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Citation tracking refers to a method of measuring the impact of research studies and/or for identifying leading scholars in a particular discipline based upon a systematic analysis of how often a specific research study has been cited by others, who has cited a particular study, and by exploring what disciplines are represented by those subsequent citations.
Citation tracking can be an effective
way to use a "landmark" or influential article to find more recent,
related articles that cite that article. It also can be an effective
way to identify who has subsequently cited the work of a leading scholar in a particular field.
When conducting your literature review, citation tracking can be a
particularly useful means for evaluating a study's "impact" in a
discipline based upon the number of times an author or article has been
cited subsequently by others.
Citation tracking can also be an effective means of determining the
interdisciplinary value of a particular study because you can identify
how many times subsequent citations to an article appeared in
disciplines outside of where the cited article was published.
When tracking citations, keep in mind the following points:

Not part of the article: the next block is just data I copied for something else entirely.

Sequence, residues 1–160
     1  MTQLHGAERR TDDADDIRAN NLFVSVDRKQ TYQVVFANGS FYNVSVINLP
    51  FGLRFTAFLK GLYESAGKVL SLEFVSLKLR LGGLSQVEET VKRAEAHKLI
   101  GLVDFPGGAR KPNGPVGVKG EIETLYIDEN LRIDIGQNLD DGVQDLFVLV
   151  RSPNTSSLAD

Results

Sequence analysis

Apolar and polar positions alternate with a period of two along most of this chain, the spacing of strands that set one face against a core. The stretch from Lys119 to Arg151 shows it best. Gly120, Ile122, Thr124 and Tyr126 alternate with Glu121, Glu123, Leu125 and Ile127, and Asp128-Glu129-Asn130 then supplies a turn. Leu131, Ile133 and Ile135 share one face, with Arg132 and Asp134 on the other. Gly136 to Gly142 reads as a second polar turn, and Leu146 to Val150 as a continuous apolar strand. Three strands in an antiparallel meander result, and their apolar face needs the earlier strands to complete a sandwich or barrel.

Authors do not always use the same name throughout their careers so be sure you work from a complete and accurate list of an author's publications.
In the case of the Web of Knowledge citation database, it uses APA style for citing authors [last name and first initial only], so a J Smith could be John, Jeff, Jane, Julie, etc. Be sure to truncate the initial [adding an asterick *] to see a more complete list of authors, then locate a record on a topic you know the author writes about and click on that author to excluse articles written by other J Smith's. Fortunately, the database does index more than the first author of a paper so if a second or third author has an uncommon name, you could search instead by that person's name.
Citation services are primarily based on selected journal literature. If the author is cited primarily in books, non-English language journals, or journals not covered in the database, the usefulness of your citation analysis is limited. In addition, citation services rarely cover articles published in scholarly open-access journals [journals published freely on the web].
Select "article locator" and search by author name and/or parts of the title. Click on the article title to see the number of times cited in the database (on the right). Most current publications not included.
Click on "advanced search" and do a "Citation and Document Text Search." Find the author's name in footnotes by typing the author's last name.
It covers dozens of subject areas and indexes thousands of general and scholarly titles and provides full-text for a significant number of the articles included. It is an excellent starting place for research for a paper, particularly if one isn't sure where to begin their research.
Select "Cited Reference Search" to find articles that cite the work(s) of an author. The database uses APA style of last name and first initial (e.g., Odell J*). Be sure to truncate the initial by adding an asterick after the letter (e.g., R*) to see a complete list of authors. The database does index more than the first author of an article.